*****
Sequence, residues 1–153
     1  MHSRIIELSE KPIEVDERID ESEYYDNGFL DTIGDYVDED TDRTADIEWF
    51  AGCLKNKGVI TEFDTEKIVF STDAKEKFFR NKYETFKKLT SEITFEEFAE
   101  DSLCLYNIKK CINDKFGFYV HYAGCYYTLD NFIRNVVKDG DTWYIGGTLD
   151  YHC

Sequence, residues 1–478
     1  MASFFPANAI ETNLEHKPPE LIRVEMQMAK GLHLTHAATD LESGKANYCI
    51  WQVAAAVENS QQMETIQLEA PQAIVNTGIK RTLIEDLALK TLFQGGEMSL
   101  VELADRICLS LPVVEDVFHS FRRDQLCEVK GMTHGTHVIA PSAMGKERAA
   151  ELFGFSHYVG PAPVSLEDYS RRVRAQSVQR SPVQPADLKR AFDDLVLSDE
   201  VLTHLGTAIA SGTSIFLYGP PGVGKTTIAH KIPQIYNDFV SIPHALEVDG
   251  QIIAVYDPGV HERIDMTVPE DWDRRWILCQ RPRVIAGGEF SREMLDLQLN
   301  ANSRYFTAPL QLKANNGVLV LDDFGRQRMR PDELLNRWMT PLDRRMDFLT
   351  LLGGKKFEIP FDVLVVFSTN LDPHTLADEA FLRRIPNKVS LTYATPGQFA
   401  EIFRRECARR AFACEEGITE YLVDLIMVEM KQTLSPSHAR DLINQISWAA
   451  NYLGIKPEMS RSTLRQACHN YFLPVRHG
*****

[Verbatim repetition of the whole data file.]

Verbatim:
Sequence, residues 1–153
     1  MHSRIIELSE KPIEVDERID ESEYYDNGFL DTIGDYVDED TDRTADIEWF
    51  AGCLKNKGVI TEFDTEKIVF STDAKEKFFR NKYETFKKLT SEITFEEFAE
   101  DSLCLYNIKK CINDKFGFYV HYAGCYYTLD NFIRNVVKDG DTWYIGGTLD
   151  YHC

Sequence, residues 1–478
     1  MASFFPANAI ETNLEHKPPE LIRVEMQMAK GLHLTHAATD LESGKANYCI
    51  WQVAAAVENS QQMETIQLEA PQAIVNTGIK RTLIEDLALK TLFQGGEMSL
   101  VELADRICLS LPVVEDVFHS FRRDQLCEVK GMTHGTHVIA PSAMGKERAA
   151  ELFGFSHYVG PAPVSLEDYS RRVRAQSVQR SPVQPADLKR AFDDLVLSDE
   201  VLTHLGTAIA SGTSIFLYGP PGVGKTTIAH KIPQIYNDFV SIPHALEVDG
   251  QIIAVYDPGV HERIDMTVPE DWDRRWILCQ RPRVIAGGEF SREMLDLQLN
   301  ANSRYFTAPL QLKANNGVLV LDDFGRQRMR PDELLNRWMT PLDRRMDFLT
   351  LLGGKKFEIP FDVLVVFSTN LDPHTLADEA FLRRIPNKVS LTYATPGQFA
   401  EIFRRECARR AFACEEGITE YLVDLIMVEM KQTLSPSHAR DLINQISWAA
   451  NYLGIKPEMS RSTLRQACHN YFLPVRHG